“It happens,” I told her. “If Mother wants to meet you, She’ll meet you.” How lucky am I, that Mother found me a ride?

. .. … .. . .. … .. .
After getting a ride, I got the very last room in the “Amma Tour” room block at the Hyatt, but it was $109 per night. I later found a motel through Priceline for $65. It was five miles away from the program, but at least I could afford it.

So my friend Toni picked me up at 8:45 on Monday morning and drove me across the state in her little red late model car so that I could see my beloved Sat-guru, Mata Amritanandamayi Devi.

My Amma

. .. … .. . .. … .. .
At the motel I loaned Toni a green punjabi, and dressed myself in a white skirt-and-top set I bought at a Chicago program a dozen years ago.

We looked at the map in the phone book for awhile, then we left to find the Hyatt Regency Bellevue. Toni navigates almost entirely by vibe; when I admitted I hadn’t seen the Hyatt where I’d expected it to be (I was looking at the wrong side of the street) she laughed and flipped a U-turn and drove us straight to it.

Parking, miraculously, was free. (We’d already filled the tank. Between the two of us, we had maybe forty dollars.) We went into the Hyatt and got in line with hundreds of devotees. I saw the clothes and the hair and the jewelry and the tattoos and wondered vaguely why humans like to adorn themselves as tribes… I felt some relief: I feel weird about the way I dress because I’m basically the only member of my tribe where I live.

The line started to move. We got to the hall and were handed darshan tokens. Then we followed the directions across the hall and sat for the puja. Toni has bad knees from a car accident she was in, but magically we were seated on the right side of the stage next to the wall so she could stand up when needed without bothering too many people. There were over a thousand people in the hall. Most of the people around us were wearing retreat bracelets.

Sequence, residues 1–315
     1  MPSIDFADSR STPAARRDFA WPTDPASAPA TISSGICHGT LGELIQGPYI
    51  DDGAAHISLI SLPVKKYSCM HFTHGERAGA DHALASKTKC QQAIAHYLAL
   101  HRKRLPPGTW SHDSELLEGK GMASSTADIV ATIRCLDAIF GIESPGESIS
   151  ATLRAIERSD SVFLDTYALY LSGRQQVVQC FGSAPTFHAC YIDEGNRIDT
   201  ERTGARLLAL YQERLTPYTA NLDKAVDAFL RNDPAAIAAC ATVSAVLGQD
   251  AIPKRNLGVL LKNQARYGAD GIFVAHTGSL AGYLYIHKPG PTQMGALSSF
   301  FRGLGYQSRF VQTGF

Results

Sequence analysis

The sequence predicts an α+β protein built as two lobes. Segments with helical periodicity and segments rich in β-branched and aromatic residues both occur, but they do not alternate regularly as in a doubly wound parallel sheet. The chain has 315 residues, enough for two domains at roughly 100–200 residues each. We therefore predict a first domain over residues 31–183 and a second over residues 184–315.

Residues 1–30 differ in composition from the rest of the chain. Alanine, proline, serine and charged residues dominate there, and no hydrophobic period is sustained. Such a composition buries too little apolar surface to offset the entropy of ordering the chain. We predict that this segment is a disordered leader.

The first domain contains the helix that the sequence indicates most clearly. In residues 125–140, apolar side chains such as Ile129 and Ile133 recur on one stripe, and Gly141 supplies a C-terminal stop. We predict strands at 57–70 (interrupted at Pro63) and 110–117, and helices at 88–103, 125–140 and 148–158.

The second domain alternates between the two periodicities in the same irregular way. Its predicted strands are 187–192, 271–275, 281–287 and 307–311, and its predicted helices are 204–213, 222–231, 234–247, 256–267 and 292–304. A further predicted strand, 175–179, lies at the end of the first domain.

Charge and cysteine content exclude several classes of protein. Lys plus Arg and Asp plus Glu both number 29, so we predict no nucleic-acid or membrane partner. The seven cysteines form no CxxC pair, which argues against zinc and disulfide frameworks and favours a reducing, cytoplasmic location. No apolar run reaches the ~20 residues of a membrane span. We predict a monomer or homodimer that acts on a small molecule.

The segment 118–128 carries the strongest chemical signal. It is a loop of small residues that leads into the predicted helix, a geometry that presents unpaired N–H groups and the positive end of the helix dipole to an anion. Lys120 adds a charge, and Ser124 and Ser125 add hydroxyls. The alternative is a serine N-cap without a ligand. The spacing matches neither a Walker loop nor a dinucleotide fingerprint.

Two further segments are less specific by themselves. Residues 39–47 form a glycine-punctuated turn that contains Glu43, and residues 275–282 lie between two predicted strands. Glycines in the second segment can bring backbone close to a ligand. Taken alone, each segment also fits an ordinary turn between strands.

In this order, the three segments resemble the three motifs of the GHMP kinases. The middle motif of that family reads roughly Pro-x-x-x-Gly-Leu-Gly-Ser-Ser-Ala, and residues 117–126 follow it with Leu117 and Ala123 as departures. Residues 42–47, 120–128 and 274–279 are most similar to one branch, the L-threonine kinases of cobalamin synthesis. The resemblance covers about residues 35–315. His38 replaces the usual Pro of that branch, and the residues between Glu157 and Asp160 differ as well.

Devi Bhava

I sat and relaxed into the vibe. These people had all spent two days with Mother; was that what felt so wonderful? Or was it my own expectation of seeing Mother? Or was Mother thinking about us? If God is everywhere and we’re all capable of producing this ourselves, why don’t we? What made this different than any other gathering of people in any other room?

Amma arrived. Toni said she had a clear view of the pada puja even though it was all the way across the hall. (I don’t think I even knew about pada puja for several years. Everyone’s experience around Amma is so different.)

Holy Water

After the holy water was distributed, something about the shape of the ceiling magnified the sound of thousands of lids being snapped onto thousands of little cups into this wonderful groovy clicky-popping sound. “I LOVE that sound!” I whispered. “I want to sample it RIGHT NOW!” The guy next to me and I started giggling and couldn’t stop.

“It’s like a crooked Zen koan!” he replied. “Like, ‘What is the sound of many lids that don’t fit?’”

Each time one of us stopped giggling, the other would start again. Silly, non-ironic, joyful, childlike laughter. It felt WONDERFUL.

. .. … .. . .. … .. .
Mother gave satsang. I took notes on my iThing. This is what they say:

Dispassion, three types: temporary, gradual, intense.
The body is like a rented house
Awareness – like a bird on a dry twig (at any time it could snap)
When we develop intense dispassion we get peace of mind.
What is the point of blaming others for our sorrow?

. .. … .. . .. … .. .
When Swamiji began the Ma-Om meditation, Toni, who had had to stand up during the satsang, came and sat back down. Meditating in Amma’s presence was, as always, a lot like stepping


off the edge of the world

into an eternal abyss.

The rest of the puja completed, Mother went into the temple to change and they closed the curtains. Toni and I went for a walk because she’s not used to sitting on the floor so much and her knees were killing her.

. .. … .. . .. … .. .
Dinner was pretty good (especially the mattar paneer).

Devi Bhava

I would have had Indian snacks instead, but there aren’t any at the Seattle programs; I guess there aren’t really any Indian devotees in the area to make them. I can’t even tell you how much I was hoping for idli and sambar and pakora. OMG what I would give for some samosas! Srsly.

Our tokens were numbered O-3. I told Toni we wouldn’t be getting darshan until three or four o’clock in the morning. We hit the bookstore. I bought a rudraksha japa mala and a new bottle of Marikolundu.

I got some chai. Eventually Toni went and found a couch and napped.